A sampling of only 22 brands revealed that websites offering pirated digital content and counterfeit goods generate more than 53 billion visits per year, according to a study released today by MarkMonitor.
Sites offering pirated digital content draw the lion’s share of the 53 billion annual visits while sites selling counterfeit goods, including prescription drugs and luxury goods, generate more than 92 million visits per year.
The amount of traffic generated by these sites as well as the range of locations used to host and register them indicates the complexity in finding a solution to the global problem of online piracy and counterfeiting.
Global piracy affects a wide range of digital content, including movies, music, games, software, television shows and e-books while the trade in counterfeit goods online touches almost every item, including apparel, footwear, electronics, luxury items, sports merchandise and pharmaceuticals.
It is estimated that the annual worldwide economic impact of online piracy and counterfeiting reaches $200 billion.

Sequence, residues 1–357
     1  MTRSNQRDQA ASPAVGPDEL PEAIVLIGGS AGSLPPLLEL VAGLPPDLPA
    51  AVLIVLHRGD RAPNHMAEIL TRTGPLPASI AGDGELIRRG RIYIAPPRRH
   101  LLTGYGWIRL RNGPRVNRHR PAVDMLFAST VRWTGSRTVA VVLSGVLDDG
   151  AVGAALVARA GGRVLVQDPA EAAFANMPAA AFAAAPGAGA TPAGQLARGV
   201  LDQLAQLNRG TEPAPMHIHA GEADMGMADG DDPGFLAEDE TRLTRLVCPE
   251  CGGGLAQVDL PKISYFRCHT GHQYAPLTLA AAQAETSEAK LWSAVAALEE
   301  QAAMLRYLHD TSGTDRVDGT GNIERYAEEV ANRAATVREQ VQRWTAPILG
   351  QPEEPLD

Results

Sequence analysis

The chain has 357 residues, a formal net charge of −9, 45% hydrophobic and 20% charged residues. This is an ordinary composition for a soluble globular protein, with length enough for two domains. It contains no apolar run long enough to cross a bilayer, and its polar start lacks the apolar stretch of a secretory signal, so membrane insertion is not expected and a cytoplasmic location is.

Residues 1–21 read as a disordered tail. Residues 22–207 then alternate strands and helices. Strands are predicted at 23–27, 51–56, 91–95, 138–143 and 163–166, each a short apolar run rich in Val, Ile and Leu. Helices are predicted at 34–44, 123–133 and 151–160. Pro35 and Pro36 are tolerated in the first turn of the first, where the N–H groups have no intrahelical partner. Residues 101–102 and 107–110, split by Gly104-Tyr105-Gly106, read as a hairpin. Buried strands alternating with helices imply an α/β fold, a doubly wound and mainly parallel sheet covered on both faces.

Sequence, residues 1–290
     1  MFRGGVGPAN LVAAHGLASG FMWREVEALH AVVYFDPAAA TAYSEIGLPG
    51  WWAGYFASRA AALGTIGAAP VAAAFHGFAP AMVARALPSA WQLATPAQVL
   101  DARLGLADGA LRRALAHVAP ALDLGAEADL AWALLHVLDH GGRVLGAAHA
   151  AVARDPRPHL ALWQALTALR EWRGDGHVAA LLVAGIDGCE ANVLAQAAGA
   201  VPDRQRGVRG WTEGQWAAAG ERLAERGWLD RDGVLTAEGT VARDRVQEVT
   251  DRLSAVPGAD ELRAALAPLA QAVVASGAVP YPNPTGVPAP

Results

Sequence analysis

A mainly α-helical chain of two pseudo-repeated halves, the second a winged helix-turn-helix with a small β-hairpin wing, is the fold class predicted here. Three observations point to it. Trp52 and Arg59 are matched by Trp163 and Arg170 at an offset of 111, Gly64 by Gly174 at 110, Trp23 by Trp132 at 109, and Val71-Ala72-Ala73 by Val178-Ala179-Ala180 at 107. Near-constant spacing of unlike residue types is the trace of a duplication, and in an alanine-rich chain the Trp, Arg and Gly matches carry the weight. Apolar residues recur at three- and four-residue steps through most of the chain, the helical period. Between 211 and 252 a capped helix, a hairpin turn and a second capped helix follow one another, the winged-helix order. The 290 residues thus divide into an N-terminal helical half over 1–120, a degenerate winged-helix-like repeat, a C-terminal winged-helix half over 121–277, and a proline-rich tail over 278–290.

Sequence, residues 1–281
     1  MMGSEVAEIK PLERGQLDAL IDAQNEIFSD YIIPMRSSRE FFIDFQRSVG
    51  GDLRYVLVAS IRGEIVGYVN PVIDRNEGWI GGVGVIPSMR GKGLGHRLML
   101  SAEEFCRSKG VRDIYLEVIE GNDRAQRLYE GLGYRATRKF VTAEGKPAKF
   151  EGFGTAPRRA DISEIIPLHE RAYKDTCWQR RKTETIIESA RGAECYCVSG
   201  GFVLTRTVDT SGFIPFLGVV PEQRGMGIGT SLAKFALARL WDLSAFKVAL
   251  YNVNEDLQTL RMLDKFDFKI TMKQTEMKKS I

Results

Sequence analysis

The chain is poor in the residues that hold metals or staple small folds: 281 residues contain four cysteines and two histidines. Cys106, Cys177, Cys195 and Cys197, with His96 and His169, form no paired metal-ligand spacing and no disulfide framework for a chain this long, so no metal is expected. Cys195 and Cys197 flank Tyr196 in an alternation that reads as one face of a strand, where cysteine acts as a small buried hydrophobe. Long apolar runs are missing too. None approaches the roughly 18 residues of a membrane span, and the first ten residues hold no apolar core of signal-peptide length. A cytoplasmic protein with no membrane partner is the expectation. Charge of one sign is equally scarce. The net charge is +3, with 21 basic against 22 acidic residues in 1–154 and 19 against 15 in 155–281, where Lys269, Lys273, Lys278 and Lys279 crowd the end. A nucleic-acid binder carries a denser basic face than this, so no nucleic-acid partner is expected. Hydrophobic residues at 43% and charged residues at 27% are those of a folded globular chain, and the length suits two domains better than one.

Among the study’s findings were that 67 percent of sites suspected of hosting pirated content and 73 percent of sites categorized as “counterfeit” were hosted in North America or Western Europe.
In previous “test buys’ of prescription pharmaceutical products from some of these sites, MarkMonitor found that payment processing and order fulfillment took place in countries other than that used to host the site or register its domain name.
These findings demonstrate that while reliable infrastructure is a key factor for sites hosting piracy and counterfeit goods, many of these sites conduct business across multiple national boundaries.
“Online intellectual property thef—whether it is the sale of counterfeit shoes and fake drugs or the illegal distribution of movies, music, and software—steals jobs, threatens consumers, and hinders our economic growth,” said Steve Tepp, senior director of internet counterfeiting and piracy for the Global Intellectual Property Center at the U.S. Chamber of Commerce.
“We have known for a long time that rogue websites, those dedicated to piracy and counterfeiting, were flourishing at our expense. Now we begin to see the staggering scope of this problem—more than 53 billion visits on rogue sites. And the MarkMonitor study is just the tip of the iceberg, identifying only a portion of the colossal amount of Internet traffic related to online counterfeiting and digital piracy. The study’s findings underscore the urgency to address this epidemic in order to protect consumers, allow the legitimate Internet marketplace to flourish, and create jobs in America.”